The dog jumped off the couch last night and tore the skin off her shin, scraping her pantleg as she leaped to go outside. The wound was ghastly. I had to trim the extra skin and bandage it. It bled through overnight. She completely forgot she had hurt herself, and was picking at it this morning. And she got it bleeding again. She had totally forgotten what had happened. As I explained it to her, she got angry because (I think) she realized she had forgotten. But as I dressed the wound, she was all smiles and kindness.

So many things are lost with Alzheimer’s. The perception the person has of themselves, their lives, their memories, are so very skewed. My mom is constantly berating me about how independent she was at “Fairwinds.” I have come to hate that word. It is the name of the VERY active senior housing she used to live in. To the tune of almost $6,000 per month. I have come to realize it was very expensive entertainment. Because that is what it truly was. Expensive entertainment. She has no idea how to entertain herself anymore. She sighs and gets angry and bored, waiting for something or someone to make her happy, to entertain her. She has lost her sense of self. She has not done laundry or cooked or cleaned for herself for the past four years. And with Alzheimer’s, that is pretty much her entire life. So how do you overcome or undo all of that? I am still trying to figure it out. One thing I did change was leaving the house every day, striving to find something she enjoyed doing. Yesterday she asked for a manicure/pedicure at least four times. So I planned to take her today. This morning when I mentioned it, she said she had filed all her nails last night and now doesn’t need a manicure or pedicure. Yeah. She has no file. No polish remover. And I was with her all night. It did not happen. And she dug in her heels – she doesn’t want to do that today. *sigh* But she is heavily sighing and angry, over on the couch, picking at her nails again…

How do you deal with this daily? I am still working it out. I am not sure. I am trying to find community support, but juggling time is hard. Her Alzheimer’s is bad enough I cannot leave her in my home alone. It is still new to her. And as I said above, she is now sighing and picking her skin and nails, bored out of her skull. But one of the things I have realized is that I am not her entertainment committee. Yes, I will need to find activities, but so far, she has rejected every senior center in our area, within 20 miles of the house. Every. Single. One. So my options are very limited. I keep waiting for some divine light to shine on me and I will know what to do next.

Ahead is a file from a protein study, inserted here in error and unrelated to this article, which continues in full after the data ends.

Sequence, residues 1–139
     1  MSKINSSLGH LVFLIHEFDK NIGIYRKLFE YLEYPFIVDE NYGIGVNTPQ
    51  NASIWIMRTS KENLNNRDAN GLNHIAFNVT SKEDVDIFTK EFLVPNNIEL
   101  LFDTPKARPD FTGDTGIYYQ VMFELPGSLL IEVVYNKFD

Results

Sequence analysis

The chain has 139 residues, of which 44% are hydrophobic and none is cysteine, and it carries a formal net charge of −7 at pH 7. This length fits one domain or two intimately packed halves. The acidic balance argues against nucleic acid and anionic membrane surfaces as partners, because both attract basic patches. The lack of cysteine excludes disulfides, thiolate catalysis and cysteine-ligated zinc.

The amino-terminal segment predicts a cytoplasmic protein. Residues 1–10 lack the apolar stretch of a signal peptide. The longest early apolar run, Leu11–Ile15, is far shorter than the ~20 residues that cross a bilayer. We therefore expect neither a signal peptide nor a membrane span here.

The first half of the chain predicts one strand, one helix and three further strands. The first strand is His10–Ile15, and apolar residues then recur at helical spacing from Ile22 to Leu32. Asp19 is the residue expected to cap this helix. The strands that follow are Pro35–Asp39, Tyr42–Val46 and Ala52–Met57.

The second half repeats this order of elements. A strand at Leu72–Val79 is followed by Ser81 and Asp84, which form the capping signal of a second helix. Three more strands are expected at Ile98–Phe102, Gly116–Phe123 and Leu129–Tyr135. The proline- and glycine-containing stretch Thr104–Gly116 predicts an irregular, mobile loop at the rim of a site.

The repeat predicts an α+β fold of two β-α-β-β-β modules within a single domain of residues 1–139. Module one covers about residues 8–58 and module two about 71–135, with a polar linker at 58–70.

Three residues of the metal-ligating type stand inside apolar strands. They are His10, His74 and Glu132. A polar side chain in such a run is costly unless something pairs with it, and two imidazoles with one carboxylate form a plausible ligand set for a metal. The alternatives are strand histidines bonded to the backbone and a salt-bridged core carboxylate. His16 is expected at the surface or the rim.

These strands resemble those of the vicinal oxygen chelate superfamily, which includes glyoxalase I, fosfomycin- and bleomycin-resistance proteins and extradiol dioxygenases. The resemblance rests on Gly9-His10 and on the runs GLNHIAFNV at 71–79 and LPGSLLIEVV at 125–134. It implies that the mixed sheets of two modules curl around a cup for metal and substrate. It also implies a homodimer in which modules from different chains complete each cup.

I have a stack of books to read that people have recommended to me. But when am I supposed to read them? “The 36-Hour Day,” “Keeping Love Alive as Memories Fade,” Lewy Body Dementia,” “Understanding Alzheimer’s Disease,” “Caring for a person with Alzheimer’s Disease,” on and on they go. But when you are in the midst of it, when do you read about getting help or dealing with it??? Tell me and I’ll implement. All the platitudes in the world don’t get you through a day. Perseverance and a sense of service, working for a higher cause, those get me through my day. Knowing she is mom underneath all the ugliness of this horrid disease. Prayers from friends and family. Knowing there are those in the wings supporting me. Those things get me through my day. And chocolate, and my new bottle of scotch (but I am really monitoring that consumption). A maid would be awesome. A million dollars to hire help would be great. More hours in the day. More days in the weeks. Yeah. Alzheimer’s truly sucks. Trust me, here in the trenches. And guess what? It’s only week #2. Yeah. I feel way older than my years today.

Pray for me. And my family. I love my husband. He is so gracious, kind, and supportive. I am blessed to be married to him. I thank you, Lord, for your many blessings.

And there go the sighs and fidgeting on the couch. It is getting louder. Clearing her throat. Sneaking looks at me. More angry sighs (yes; I can tell the difference). Cinderella is almost over. Perhaps we will do those nails anyway…*sigh* (that one belongs to me).